My latest novel is Blood Storm, out now from Random House Australia. It’s the sequel to Blood Song, which came out last year, and continues Zeraphina and Rodden’s quest to rid the world of a deadly, blood-drinking species of monster, which they happen to be themselves. Zeraphina, to her chagrin, also happens to be a princess of a small, wintry queendom, and is fighting her own personal quest to keep herself from a marriage her mother desires for her and that she is in no way ready for. It’s fast paced, lush, and even funny at times.
(From the publisher:
The rain wanted to be ocean; the ice in the mountain caps wanted freedom. I never knew that water held such longing. The clouds above my head rumbled like a growling wolf, impatient to release their burden. I held the rain there a moment longer. I turned to Renata, heard her gasp and knew my eyes glowed blue.
I spoke a single word. ‘Rain.’
In the Second Book of Lharmell, Zeraphina and Rodden must travel across the sea to find the elusive ingredients that will help them to win the coming battle against the Lharmellin – but shadows from Rodden’s dark past may come back to haunt him. And while she learns to harness her new abilities, Zeraphina still fights the hunger that makes her crave the north – not to mention avoiding her mother, who wants to see her wayward daughter married to a prince at all costs.)
I hope they take away a sense of burning excitement. It’s just how I used to feel when I was a teenager and I finished a book that I loved. Writing is my way of recapturing that feeling.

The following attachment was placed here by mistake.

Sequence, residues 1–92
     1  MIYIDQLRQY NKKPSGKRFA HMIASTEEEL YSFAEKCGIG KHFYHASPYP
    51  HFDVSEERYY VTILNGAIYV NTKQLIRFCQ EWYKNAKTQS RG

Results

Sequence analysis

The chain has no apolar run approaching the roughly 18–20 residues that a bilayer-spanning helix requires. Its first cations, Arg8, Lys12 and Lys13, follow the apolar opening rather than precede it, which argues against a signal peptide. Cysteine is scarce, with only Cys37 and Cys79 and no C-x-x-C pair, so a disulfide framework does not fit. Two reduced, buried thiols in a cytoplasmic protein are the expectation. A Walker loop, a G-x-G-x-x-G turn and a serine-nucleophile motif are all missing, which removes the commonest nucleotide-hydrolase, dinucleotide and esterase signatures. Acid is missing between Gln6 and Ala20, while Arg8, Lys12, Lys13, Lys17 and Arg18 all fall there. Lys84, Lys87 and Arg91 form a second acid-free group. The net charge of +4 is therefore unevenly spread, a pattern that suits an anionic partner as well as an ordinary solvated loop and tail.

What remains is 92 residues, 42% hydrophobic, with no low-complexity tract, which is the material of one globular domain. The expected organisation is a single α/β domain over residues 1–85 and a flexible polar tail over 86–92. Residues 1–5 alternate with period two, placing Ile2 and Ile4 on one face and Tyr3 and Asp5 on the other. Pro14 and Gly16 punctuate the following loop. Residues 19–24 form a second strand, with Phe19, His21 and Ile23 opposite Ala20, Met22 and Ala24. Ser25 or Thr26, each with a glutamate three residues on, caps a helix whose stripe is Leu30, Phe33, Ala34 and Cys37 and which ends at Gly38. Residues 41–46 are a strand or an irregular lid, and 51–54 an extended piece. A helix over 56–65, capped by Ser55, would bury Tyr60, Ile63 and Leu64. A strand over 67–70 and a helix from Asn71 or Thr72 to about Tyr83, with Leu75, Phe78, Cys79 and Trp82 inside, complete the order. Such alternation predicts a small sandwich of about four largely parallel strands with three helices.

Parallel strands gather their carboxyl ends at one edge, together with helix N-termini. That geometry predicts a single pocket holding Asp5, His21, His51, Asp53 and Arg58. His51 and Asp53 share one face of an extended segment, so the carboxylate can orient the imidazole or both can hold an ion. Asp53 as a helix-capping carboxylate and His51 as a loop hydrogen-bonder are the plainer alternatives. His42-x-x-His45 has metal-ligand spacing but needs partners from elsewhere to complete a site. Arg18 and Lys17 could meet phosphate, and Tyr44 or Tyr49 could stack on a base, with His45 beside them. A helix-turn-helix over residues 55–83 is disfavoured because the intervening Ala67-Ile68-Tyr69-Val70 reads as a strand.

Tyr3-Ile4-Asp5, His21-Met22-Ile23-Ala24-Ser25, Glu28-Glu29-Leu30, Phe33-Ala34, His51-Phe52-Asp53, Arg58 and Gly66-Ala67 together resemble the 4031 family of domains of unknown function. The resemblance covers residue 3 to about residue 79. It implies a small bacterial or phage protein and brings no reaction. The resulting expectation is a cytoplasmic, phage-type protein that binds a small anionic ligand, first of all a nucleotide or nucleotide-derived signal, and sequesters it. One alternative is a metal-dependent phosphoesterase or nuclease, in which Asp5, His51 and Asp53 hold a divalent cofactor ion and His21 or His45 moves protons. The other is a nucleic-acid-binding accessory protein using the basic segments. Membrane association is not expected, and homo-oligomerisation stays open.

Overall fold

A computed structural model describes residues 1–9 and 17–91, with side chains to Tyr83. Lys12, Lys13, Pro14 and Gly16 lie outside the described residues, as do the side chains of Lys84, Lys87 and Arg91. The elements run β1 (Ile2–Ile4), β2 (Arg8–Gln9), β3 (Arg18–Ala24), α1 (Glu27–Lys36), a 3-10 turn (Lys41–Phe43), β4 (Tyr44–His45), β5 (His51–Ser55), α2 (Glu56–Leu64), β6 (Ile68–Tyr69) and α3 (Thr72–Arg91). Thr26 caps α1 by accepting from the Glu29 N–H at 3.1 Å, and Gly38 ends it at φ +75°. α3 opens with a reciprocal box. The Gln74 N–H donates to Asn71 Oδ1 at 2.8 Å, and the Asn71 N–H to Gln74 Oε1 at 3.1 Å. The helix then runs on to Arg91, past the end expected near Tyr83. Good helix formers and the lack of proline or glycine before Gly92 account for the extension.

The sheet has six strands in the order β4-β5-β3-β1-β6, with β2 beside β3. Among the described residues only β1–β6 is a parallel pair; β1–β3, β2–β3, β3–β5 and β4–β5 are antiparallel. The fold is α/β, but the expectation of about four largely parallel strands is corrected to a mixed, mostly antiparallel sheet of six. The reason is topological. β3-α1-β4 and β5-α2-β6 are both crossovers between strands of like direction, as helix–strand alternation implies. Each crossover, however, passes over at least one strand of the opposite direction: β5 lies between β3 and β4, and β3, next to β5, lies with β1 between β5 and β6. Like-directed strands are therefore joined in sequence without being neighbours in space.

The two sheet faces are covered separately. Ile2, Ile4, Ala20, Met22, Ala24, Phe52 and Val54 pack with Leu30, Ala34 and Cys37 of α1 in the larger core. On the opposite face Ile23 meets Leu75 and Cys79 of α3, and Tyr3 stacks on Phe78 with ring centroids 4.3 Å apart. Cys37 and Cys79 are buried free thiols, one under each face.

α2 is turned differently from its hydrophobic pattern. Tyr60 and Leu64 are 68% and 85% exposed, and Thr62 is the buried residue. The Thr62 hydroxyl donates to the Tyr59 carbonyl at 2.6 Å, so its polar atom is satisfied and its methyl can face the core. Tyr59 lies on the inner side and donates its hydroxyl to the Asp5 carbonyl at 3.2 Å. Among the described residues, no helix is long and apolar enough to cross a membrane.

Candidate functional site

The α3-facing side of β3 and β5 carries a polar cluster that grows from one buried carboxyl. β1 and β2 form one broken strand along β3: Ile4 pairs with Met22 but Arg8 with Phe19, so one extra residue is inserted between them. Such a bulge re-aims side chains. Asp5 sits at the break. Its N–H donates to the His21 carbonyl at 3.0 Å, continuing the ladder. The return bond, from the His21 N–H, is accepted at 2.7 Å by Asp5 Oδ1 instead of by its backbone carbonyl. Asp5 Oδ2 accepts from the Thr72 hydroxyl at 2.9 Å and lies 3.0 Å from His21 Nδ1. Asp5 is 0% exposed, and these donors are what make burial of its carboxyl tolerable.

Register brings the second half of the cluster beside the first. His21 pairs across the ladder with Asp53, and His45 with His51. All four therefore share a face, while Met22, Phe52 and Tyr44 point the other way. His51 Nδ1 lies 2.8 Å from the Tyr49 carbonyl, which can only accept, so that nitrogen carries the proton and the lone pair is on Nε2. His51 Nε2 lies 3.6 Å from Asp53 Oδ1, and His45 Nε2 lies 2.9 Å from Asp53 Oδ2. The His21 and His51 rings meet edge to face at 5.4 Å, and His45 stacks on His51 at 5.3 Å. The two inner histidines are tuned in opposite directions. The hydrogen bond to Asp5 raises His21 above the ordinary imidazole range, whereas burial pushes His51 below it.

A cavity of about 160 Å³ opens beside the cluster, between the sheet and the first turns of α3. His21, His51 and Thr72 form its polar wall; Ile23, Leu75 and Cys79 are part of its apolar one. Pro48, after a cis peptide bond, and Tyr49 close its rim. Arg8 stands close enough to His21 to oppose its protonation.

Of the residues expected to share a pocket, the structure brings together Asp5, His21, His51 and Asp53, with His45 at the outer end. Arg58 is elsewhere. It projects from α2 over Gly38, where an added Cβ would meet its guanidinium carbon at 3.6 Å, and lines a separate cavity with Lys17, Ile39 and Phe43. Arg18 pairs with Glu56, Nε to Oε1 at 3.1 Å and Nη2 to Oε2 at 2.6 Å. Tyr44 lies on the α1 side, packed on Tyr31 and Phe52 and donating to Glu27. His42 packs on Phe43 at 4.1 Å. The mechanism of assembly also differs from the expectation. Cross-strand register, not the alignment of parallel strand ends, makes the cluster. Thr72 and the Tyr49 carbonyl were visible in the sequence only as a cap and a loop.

8. Whom do you most admire in the realm of writing and why?
People who’ve had an amazing life experience and get to put it into their novel. People who can interpret a classic myth or fable with a modern twist. People who can take a tired trope and turn it into something new and wonderful. People who are always doing something fresh and exciting.
9. Many artists set themselves very ambitious goals. What are yours?
Too many books. Lots of books. Diverse ones. And I aim to write them all.
Don’t get stuck on one project if it’s not working. Maybe it’s just not the right book for you.
Rhiannon, thank you for playing.
About the Contributor
While still in his twenties, John Purcell opened a second-hand bookshop in Mosman, Sydney, in which he sat for ten years reading, ranting and writing. Since then he has written, under a pseudonym, a series of very successful novels, interviewed hundreds of writers about their work, appeared at writers’ festivals, on TV (most bizarrely in comedian Luke McGregor’s documentary Luke Warm Sex) and has been featured in prominent newspapers and magazines. Now, as the Director of Books at booktopia.com.au, Australia’s largest online bookseller, he supports Australian writing in all its forms. He lives in Sydney with his wife, two children, three dogs, five cats, unnumbered gold fish and his overlarge book collection. His novel, The Girl on the Page, will be published by HarperCollins Australia in October, 2018.